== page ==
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# Board Games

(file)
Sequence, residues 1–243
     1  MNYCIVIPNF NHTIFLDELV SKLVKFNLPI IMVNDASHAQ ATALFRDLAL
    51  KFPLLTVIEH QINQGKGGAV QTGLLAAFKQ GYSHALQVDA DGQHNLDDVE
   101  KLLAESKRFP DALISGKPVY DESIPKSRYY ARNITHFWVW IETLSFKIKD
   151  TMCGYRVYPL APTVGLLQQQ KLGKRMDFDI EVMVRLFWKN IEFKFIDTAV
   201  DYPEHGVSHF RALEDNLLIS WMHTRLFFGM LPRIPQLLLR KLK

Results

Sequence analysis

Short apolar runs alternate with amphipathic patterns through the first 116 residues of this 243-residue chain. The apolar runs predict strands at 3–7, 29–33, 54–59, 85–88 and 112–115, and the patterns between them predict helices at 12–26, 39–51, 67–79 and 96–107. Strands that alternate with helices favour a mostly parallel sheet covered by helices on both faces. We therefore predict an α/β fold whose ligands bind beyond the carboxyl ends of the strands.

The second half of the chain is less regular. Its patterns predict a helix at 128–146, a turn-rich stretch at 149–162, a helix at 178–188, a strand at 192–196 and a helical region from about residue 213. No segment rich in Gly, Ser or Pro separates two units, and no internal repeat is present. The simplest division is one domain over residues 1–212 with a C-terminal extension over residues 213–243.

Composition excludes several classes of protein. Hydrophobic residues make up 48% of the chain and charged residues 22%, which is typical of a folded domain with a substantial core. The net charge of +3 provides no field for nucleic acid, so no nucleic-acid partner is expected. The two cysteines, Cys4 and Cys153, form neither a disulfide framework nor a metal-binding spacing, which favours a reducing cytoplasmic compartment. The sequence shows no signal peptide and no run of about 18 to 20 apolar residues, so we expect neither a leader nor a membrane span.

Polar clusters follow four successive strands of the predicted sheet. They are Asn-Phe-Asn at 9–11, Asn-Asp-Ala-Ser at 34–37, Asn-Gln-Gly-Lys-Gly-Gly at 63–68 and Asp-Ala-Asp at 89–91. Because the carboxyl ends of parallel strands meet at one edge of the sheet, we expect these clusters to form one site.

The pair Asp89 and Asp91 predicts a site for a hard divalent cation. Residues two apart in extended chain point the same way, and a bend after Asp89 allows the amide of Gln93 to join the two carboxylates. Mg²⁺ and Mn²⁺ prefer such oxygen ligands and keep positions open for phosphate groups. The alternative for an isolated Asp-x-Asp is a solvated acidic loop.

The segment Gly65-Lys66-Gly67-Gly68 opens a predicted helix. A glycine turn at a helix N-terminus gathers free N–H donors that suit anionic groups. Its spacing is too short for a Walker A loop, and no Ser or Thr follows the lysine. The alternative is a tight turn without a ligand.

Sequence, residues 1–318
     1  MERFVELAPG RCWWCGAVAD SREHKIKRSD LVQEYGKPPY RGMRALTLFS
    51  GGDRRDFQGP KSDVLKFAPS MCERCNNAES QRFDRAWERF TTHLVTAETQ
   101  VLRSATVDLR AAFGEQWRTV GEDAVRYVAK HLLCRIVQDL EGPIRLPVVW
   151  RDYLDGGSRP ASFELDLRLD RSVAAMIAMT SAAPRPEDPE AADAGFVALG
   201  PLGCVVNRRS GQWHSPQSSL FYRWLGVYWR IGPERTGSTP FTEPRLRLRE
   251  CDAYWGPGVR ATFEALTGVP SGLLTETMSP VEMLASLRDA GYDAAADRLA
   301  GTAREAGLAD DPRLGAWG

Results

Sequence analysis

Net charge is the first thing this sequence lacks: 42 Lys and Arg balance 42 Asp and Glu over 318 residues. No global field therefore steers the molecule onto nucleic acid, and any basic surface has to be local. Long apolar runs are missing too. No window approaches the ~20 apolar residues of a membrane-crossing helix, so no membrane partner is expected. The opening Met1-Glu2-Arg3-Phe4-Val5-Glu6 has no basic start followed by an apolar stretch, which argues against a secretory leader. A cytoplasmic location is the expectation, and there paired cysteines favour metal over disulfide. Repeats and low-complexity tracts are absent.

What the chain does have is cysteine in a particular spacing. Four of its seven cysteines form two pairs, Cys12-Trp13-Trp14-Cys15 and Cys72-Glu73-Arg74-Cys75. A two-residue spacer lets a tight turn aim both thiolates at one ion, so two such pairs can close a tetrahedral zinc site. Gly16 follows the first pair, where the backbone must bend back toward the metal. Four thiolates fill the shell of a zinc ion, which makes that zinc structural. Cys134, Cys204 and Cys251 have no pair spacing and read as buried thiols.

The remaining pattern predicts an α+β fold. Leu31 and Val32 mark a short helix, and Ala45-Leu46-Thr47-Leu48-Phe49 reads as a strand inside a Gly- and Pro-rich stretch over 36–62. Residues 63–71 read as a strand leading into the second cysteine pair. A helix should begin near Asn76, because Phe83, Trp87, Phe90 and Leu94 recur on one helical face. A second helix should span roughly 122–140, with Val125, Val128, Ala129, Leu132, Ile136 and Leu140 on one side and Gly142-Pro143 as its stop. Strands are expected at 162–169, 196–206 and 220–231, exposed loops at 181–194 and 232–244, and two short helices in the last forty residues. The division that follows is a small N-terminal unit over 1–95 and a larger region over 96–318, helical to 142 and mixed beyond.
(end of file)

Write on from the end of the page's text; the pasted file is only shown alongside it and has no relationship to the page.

Tokaido is a game I’ve been hearing about for some time, but I have to admit I just didn’t understand why it was getting so much praise. The art of the physical board game although pretty, just didn’t really speak to me. So instead of picking up the analog version I decided to spring for the digital app.